A stark and honest document, laced with compassion...
'Sprained Ankle'

In the first scene of High Fidelity John Cusack’s character reels off a monologue comparing a culture of violence to pop music. “Nobody worries about kids listening to thousands, literally thousands of songs about heartbreak, rejection, pain, misery and loss.” And, despite the fact it’s tacky as hell, it does beg for a debate about the purpose and presence of sad music in young people’s lives.

A debate reinforced by timeliness as Elliott Smith’s seminal ‘Either/Or’ celebrates its 20th anniversary as does Radiohead’s ‘OK Computer’. Both albums have provided immeasurable solace and companionship for thousands of people across two decades. I don’t take this comparison lightly when I say that Julien Baker’s ‘Sprained Ankle’ feels like a spiritual successor to these masterworks.

Sonically resembling Smith more so than Yorke, Julien’s nine track document rarely divert from intertwining trebly guitars, warm bass whirrs and a notable absence of percussion and drums. And like Elliott, these instrumentals, though similar in technical structure, all evoke an emotional reference in tandem with the stories and experiences that Julien shares.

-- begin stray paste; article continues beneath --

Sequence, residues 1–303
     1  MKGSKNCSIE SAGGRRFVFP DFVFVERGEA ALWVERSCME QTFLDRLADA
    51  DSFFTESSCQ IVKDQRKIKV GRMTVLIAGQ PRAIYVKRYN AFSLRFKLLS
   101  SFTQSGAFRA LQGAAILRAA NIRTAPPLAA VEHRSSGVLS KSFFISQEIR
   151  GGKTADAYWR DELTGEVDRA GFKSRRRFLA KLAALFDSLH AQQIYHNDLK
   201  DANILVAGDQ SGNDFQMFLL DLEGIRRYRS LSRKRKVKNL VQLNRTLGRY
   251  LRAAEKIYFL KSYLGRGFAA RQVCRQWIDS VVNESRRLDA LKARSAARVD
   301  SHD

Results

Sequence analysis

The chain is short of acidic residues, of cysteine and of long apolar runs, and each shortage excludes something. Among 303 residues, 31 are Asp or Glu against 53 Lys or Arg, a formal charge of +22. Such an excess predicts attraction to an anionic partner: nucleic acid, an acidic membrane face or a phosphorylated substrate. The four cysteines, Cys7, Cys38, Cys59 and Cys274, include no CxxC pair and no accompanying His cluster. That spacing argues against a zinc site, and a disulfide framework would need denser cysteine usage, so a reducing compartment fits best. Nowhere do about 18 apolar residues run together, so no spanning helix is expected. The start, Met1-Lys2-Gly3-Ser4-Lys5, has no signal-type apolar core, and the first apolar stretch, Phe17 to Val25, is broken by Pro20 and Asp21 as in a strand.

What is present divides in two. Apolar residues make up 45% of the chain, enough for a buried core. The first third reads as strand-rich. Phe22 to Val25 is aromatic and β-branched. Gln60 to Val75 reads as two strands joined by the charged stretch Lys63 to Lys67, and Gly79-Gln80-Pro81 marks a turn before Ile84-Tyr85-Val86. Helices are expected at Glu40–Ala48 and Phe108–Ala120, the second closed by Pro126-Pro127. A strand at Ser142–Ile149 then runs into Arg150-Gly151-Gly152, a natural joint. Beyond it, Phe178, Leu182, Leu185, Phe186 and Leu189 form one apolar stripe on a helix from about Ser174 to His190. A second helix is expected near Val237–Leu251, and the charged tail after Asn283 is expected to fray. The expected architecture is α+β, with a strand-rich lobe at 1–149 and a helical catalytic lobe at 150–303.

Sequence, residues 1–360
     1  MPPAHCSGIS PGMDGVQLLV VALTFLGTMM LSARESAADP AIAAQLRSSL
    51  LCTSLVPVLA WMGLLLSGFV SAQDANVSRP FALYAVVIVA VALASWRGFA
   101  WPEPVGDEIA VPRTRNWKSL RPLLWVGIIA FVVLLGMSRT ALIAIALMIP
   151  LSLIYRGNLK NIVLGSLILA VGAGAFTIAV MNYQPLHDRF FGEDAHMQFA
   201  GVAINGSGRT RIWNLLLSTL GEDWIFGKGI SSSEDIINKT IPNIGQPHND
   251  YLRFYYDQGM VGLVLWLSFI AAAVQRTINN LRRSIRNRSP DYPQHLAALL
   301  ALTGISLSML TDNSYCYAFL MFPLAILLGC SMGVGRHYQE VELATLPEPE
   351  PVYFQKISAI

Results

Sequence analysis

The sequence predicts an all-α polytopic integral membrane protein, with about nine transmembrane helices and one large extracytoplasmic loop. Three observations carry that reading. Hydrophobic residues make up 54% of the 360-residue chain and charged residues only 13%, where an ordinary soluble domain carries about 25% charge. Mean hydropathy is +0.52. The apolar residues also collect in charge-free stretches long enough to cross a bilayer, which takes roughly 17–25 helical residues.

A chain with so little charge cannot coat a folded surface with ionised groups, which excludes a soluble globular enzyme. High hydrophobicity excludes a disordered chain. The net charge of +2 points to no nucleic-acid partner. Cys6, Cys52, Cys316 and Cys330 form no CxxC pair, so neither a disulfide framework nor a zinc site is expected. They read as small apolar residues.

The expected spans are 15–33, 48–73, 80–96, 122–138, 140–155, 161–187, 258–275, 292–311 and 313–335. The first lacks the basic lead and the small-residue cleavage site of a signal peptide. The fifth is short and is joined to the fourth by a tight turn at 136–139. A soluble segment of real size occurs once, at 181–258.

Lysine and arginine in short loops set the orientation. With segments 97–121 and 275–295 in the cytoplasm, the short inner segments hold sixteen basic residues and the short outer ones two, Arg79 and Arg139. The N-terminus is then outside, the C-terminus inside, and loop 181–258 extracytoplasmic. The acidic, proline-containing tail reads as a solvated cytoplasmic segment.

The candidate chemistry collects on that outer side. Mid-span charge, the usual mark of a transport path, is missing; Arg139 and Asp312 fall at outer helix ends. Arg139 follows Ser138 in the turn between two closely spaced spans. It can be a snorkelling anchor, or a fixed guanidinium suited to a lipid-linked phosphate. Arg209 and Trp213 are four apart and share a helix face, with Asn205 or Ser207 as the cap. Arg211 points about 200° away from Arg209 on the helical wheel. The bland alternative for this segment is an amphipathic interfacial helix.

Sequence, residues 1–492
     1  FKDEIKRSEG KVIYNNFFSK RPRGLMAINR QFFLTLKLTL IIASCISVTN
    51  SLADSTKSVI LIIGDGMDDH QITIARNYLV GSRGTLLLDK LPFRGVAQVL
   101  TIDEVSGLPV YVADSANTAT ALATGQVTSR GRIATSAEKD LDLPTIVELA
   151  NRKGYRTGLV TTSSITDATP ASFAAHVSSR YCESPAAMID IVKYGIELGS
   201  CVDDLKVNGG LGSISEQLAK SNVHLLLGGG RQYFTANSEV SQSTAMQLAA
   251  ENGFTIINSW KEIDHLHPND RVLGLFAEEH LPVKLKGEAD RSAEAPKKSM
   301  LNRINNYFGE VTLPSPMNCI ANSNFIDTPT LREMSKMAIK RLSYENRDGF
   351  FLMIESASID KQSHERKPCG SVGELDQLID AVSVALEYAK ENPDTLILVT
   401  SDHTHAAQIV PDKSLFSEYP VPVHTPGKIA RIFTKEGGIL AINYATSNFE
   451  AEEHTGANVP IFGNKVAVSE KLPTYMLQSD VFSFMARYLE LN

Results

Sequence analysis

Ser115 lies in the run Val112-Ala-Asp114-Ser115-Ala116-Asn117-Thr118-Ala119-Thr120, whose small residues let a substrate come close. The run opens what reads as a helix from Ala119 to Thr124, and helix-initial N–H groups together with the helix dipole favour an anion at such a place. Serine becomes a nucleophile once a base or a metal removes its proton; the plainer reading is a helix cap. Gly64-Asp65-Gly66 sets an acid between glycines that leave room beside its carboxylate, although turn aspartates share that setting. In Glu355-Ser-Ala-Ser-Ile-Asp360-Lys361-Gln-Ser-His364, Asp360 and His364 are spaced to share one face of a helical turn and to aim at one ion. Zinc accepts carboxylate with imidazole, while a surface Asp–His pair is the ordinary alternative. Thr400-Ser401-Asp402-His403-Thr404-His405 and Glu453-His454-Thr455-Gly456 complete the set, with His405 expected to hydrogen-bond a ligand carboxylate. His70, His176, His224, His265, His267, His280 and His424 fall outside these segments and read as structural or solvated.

The first line of ‘Sprained Ankle’, Julien weightily sighs, “I wish I could write songs about anything other than death”. It feels closer to wry humour than un-ironic misery but that doesn’t equate to a lack of sincerity - I’d argue categorically that it supposes the opposite.

Remorse, solace and unhappiness is baked immovably into tracks like ‘Everybody Does’, which articulates a painfully accurate mental dialogue of feeling abandoned. However, the nature of the songs, though autobiographical, isn’t confessional. Julien doesn’t wear her woes on her sleeves to flag down pity, she forges them into gauntlets to brandish the strength of vulnerability.

Sadness is a communal adhesive and Baker’s music taps into the instinctual part of us that musters empathy. While many songwriters distance themselves from their stories, opting for vaguer lyrics to protect themselves, Julien involves herself admirably.

‘Something’, for example, unpacks the gut-wrenching feeling of l'esprit d'escalier – thinking of a perfect reply too late. “I know you're sleeping by now, but I'm still up walking around. The walls of my skull bend backwards and in like a labyrinth”.

‘Rejoice’ is a track about feeling grateful and building fortitude as a result of terrible things. It’s wrapped in a theodicy but lines like “And somebody's listening at night with the ghosts of my friends when I pray, asking Why did you let them leave and then make me stay? Know my name and all of my hideous mistakes”.

The honesty is stark, the music compelling and the delivery is earnest. At the very least, Julien, like Elliott and Radiohead before her, makes sad music to inspire compassion.


Words: Will Butler

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